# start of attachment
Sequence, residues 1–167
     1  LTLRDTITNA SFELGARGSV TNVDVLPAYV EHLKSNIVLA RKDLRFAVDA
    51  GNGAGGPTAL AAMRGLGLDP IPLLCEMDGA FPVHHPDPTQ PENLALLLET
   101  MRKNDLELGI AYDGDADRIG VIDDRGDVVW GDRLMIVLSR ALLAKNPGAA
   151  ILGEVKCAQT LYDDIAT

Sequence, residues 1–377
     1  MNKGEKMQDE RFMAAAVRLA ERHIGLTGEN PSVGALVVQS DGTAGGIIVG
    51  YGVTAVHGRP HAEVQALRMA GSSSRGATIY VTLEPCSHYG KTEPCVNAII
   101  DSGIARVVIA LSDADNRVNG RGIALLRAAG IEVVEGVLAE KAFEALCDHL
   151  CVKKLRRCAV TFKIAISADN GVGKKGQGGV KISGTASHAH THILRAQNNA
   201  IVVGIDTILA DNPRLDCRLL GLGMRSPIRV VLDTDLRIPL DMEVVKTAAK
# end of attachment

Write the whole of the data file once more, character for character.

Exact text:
Sequence, residues 1–167
     1  LTLRDTITNA SFELGARGSV TNVDVLPAYV EHLKSNIVLA RKDLRFAVDA
    51  GNGAGGPTAL AAMRGLGLDP IPLLCEMDGA FPVHHPDPTQ PENLALLLET
   101  MRKNDLELGI AYDGDADRIG VIDDRGDVVW GDRLMIVLSR ALLAKNPGAA
   151  ILGEVKCAQT LYDDIAT

Sequence, residues 1–377
     1  MNKGEKMQDE RFMAAAVRLA ERHIGLTGEN PSVGALVVQS DGTAGGIIVG
    51  YGVTAVHGRP HAEVQALRMA GSSSRGATIY VTLEPCSHYG KTEPCVNAII
   101  DSGIARVVIA LSDADNRVNG RGIALLRAAG IEVVEGVLAE KAFEALCDHL
   151  CVKKLRRCAV TFKIAISADN GVGKKGQGGV KISGTASHAH THILRAQNNA
   201  IVVGIDTILA DNPRLDCRLL GLGMRSPIRV VLDTDLRIPL DMEVVKTAAK